Also known as spotted sandmat, milk-purslane, and prostrate spurge, this summer annual weed is native to North America where it is found in all 48 contiguous states growing in gardens, lawns, and disturbed sites such as roadsides and sidewalk cracks. It is a member of the spurge family,  Euphorbiaceae, that also includes poinsettia, castor oil plant and croton. Spotted spurge likes full sun and and dry soil. It should not be confused with Euphorbia prostrata (also called prostrate spurge) that is very similar in appearance.  All parts of the spotted spurge are considered mildly poisonous to humans and can cause nausea, vomiting, and diarrhea if ingested. The sap can also cause contact dermatitis. Photo Credit: Robert Flogaus-Faust, Wikimedia Commons

Description: Growing from a taproot, the slender well-branched stems form a circular mat that is usually less than 1″ tall and can be up to 3′ across. The stems are hairy, often reddish, and exude a milky sap when broken. The round to oblong leaves are also hairy, up to 1.5″ long, and have finely toothed margins. They are dark green and often develop a red spot in the center. In summer clusters of tiny male and female flowers appear in small cup-like structures in the leaf axils of the same plant. Each cup contains one female and several male flowers and is rimmed by 4 white to pink, petal-like appendages with lobed edges and a green to red gland. The 3-celled seed capsule that follows is hairy and contains one seed in each cell. Photo Credit: Jean Jacques MILAN, Wikimedia Commons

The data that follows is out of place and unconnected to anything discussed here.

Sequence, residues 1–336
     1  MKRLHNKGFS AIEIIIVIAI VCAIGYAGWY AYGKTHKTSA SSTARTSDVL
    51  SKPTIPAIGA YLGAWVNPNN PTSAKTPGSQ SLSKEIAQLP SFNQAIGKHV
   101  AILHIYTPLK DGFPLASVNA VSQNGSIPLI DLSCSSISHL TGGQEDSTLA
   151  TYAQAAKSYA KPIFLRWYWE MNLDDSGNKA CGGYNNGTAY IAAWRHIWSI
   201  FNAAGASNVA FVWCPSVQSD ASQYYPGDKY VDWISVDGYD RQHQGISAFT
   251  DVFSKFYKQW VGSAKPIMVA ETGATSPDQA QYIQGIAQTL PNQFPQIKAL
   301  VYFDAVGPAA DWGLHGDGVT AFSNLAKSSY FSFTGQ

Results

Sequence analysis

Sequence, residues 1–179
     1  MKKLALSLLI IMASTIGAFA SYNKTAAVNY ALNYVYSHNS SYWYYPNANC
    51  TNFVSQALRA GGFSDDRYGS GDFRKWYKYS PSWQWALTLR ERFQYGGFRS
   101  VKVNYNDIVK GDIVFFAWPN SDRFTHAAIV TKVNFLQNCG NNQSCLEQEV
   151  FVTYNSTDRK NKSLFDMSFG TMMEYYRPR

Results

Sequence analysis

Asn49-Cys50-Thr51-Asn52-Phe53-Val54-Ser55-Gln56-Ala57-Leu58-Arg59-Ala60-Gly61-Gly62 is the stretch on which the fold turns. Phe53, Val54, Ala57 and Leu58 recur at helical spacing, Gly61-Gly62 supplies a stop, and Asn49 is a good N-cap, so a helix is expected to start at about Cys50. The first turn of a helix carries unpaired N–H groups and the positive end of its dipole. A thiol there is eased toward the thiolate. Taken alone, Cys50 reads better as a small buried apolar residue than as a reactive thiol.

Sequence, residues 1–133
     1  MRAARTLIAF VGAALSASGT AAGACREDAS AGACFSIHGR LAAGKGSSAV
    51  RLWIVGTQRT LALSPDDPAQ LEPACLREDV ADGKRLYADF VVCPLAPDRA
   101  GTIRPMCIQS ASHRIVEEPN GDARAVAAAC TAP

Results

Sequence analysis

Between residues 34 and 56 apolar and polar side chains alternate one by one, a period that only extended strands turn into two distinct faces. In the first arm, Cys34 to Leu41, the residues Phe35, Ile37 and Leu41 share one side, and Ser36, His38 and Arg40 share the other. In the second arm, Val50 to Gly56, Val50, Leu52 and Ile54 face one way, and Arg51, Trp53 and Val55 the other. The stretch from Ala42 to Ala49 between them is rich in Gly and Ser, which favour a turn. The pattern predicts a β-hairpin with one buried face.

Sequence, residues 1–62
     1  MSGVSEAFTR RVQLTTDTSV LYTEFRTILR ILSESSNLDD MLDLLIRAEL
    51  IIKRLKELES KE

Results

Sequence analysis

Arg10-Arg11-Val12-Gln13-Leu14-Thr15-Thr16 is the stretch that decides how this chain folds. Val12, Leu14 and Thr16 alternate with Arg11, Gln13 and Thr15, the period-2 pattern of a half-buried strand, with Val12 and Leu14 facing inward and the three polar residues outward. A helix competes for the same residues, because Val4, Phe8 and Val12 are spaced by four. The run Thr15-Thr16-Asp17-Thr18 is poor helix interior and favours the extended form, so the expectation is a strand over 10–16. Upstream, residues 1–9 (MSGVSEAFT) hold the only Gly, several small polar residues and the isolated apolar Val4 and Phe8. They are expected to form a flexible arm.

Control: Control of spotted spurge is difficult because of its prolific seed production and short life cycle that permit it to flower and produce seeds one month after it germinates. New seed can germinate immediately or sit in the soil for years before germinating. In addition, its low height makes mowing ineffective as a control method. Hand pulling carefully so as to get most of the root as soon as the weed is seen and the application of a two inch layer of mulch are good methods of eliminating this weed over time. In severe cases or where mulching can not be employed, a preemergent herbicide can be helpful.

It grows in sunny locations and a variety of soils, and functions as a pioneer species in ecological succession. The sap of this plant is a mild skin irritant and can cause a rash in some people. The sap is poisonous and considered carcinogenic.[3][4]

By Karen